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Did you really mean to say that?

by Carol Rozwell  |  November 9, 2017  |  1 Comment

Apropos of recent events, it’s important to look at the impact of language on people’s behavior. Skeptics scoff at the notion that using this word or that one changes how we act. Yet the research shows that is exactly what happens. And since language is essential to our interactions with others, the effect is constant and often so subtle we fail to recognize it.

Consider the numerous mentions in typical business communication that employs aggressive words. We talk about:

  • Attacking the problem
  • Executing our plan
  • Crushing the competition

Even presentations with bullet points further the message of violence.

Why is the language we use important? Exposing people to emotionally charged words affects their attitude and their actions. Multiple studies show this correlation. What’s even scarier is that the association between our words and our actions may be subliminal. If we are around people using words that connote aggression and meanness, we will be mean. If we are around people using words that express positivity and helpfulness, we will be kind.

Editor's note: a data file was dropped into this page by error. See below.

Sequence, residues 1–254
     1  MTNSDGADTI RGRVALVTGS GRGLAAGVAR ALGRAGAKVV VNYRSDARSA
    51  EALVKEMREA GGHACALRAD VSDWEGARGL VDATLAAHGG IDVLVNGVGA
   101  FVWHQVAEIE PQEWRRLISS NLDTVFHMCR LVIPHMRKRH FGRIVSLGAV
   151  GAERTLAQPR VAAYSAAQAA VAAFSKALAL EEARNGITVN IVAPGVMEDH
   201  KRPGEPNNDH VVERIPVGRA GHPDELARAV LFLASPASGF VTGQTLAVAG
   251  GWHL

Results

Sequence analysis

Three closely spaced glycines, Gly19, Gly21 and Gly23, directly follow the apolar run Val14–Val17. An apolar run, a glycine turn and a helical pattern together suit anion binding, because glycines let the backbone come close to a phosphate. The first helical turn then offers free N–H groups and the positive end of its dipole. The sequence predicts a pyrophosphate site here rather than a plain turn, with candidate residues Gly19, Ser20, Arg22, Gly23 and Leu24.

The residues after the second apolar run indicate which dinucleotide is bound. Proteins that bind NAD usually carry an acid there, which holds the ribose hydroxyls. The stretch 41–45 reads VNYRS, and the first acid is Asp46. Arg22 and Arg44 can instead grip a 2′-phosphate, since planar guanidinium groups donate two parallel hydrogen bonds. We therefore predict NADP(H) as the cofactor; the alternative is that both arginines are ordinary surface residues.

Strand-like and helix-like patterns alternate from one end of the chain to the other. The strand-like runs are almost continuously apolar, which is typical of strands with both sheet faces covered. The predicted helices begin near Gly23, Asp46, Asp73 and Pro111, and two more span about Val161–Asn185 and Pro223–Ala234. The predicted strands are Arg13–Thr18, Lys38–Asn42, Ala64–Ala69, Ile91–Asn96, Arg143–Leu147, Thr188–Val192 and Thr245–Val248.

The alternative to using aggressive words is to substitute words that emphasize achievement. So:

  • Instead of attacking the problem, approach it
  • Instead of executing the plan, act on it
  • Instead of crushing the competition, outperform them
  • Instead of bullet points, provide information points

Sounds like a crazy idea to change a few words and affect outcomes? The research bears out the veracity of the concept. And it certainly can’t hurt. So try this for 30 days: listen to your speak patterns and every time you are about to use a word that stirs a violent emotion, catch yourself before you say it and substitute a word of positive achievement instead. Then notice the change in yourself and the people you communicate with regularly. I’m betting you will see a change for the better.

If you want more detail on the importance of words and images, check out Robert Cialdini’s book “Pre-Suasion: A Revolutionary Way to Influence and Persuade.”

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Carol Rozwell
VP Distinguished Analyst
11 years at Gartner
21 years IT industry

Carol Rozwell is a vice president and distinguished analyst on Gartner's Digital Workplace team. Read Full Bio


Thoughts on Did you really mean to say that?


  1. Cynthia Burghard says:

    Three cheers for a kinder, gentler world. Thanks for pointing out



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